Recall commands could work just as easily in the above scenario, but sometimes a “stay” command is just effective when on an off leash walk and you need your Staffy to keep still until you are ready.
The “look” or “look at me” command is important in gaining your Staffy’s focus. Outside can be a very stimulating and exciting place for a Staffy. You must be able to grab their attention and regroup when you notice they are distracted. The “look” command does exactly this.
Use A Long Leash To Practice
As mentioned in the section above, recall is the most important component of successful off lead walks. By using a long training leash to practice you can simulate the off lead walk through distance, and practice your Staffy’s recall commands.
I used this with my Staffy, and am currently training my American Bully puppy with a long training leash. Simply find a large open area to practice and just stroll around with your dog. When they have wandered off a little ways say “come” and reward them once they return.
This long leash practice is perfect for building a solid recall foundation. You mitigate the risk of your Staffy running off, but create a very similar scenario to off lead walking. Not only that, but practicing your other basic commands using the long leash is highly effective.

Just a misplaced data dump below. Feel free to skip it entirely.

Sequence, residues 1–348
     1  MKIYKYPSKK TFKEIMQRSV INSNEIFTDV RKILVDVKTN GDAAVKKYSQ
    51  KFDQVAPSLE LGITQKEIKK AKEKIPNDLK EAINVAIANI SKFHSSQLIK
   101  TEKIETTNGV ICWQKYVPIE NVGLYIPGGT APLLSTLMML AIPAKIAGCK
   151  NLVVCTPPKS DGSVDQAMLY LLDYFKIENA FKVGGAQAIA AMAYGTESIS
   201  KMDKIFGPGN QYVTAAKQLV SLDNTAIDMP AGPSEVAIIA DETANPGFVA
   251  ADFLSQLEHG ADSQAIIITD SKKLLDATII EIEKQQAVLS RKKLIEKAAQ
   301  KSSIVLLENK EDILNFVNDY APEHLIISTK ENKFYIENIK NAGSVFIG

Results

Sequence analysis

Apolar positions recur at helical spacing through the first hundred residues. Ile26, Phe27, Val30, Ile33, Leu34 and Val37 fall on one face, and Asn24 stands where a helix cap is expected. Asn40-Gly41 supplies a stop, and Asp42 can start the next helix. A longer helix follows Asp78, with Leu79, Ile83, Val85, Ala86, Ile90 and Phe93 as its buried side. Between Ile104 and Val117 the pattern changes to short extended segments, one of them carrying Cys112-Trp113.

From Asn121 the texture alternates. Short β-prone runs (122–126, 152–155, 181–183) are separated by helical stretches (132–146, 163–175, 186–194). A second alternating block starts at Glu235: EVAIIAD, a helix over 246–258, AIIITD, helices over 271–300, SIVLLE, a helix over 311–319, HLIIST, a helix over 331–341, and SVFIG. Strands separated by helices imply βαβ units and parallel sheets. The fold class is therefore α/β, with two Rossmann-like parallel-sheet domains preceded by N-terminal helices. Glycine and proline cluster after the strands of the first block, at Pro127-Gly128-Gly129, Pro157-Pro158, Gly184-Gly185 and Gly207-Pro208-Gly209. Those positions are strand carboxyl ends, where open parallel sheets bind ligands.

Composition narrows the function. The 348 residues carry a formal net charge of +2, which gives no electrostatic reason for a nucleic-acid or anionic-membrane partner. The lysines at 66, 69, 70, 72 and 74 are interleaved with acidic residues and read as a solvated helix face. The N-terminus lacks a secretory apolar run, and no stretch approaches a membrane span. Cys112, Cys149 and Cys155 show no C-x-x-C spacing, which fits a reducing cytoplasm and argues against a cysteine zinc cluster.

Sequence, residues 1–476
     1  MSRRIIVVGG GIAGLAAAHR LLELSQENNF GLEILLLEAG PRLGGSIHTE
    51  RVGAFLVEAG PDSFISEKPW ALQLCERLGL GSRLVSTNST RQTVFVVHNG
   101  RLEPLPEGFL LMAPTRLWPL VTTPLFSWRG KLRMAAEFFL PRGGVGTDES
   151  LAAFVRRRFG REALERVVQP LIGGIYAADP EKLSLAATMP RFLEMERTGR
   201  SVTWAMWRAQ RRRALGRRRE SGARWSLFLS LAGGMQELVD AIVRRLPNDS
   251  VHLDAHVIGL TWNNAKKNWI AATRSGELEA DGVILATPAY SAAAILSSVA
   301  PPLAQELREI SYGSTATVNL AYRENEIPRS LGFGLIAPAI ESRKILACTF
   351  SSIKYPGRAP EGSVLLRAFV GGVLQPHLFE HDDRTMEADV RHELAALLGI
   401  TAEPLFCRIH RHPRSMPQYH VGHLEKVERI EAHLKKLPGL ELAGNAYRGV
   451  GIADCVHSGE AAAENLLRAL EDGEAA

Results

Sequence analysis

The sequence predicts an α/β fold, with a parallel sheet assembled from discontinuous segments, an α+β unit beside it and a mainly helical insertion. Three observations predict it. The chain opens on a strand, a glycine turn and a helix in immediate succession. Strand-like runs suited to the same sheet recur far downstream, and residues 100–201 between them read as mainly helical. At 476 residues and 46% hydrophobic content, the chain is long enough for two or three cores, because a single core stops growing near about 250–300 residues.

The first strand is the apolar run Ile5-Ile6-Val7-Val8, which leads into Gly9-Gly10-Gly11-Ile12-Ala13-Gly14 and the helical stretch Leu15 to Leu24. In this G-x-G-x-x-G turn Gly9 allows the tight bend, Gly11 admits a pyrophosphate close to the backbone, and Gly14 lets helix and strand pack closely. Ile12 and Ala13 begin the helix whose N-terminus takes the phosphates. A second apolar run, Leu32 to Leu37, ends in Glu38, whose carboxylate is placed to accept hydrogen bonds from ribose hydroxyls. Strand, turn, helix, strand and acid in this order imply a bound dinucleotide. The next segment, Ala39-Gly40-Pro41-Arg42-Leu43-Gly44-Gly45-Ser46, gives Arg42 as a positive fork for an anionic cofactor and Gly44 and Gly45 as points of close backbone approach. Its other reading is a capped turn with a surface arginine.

You can get a variety of long training leashes for a very affordable price. They come in a variety of lengths, but I recommend starting with a good amount of leash. At least 50 feet or more. I use the HiKiss training leash and highly recommend you pick one up for yourself.
Challenge Your Staffy Safely
Once you have done some long training leash practice, and your Staffy has a decent grasp on their commands, it’s time to level things up. Introducing the challenge of off lead walking in a contained area and practicing their commands is the next step you need to take.
I am not the biggest fan of off leash dog parks. They can be a little too chaotic, dirty, and can have some unreliable dogs and dog owners present. Off leash areas can however provide a good chance to practice off lead walking. Typically I would set up playdates with dogs that we knew and visit the local baseball diamond in place of the dog park.
Regardless of what area you choose, challenge your Staffy safely. The goal is to practice your dog’s recall and basic commands when off lead and surrounded by potential distractions. An enclosed area provides the benefit of knowing they can’t run off too far.
This is the perfect training ground to master those basic commands and prepare for off lead walking out in the world.
What To Do When Your Staffy Bolts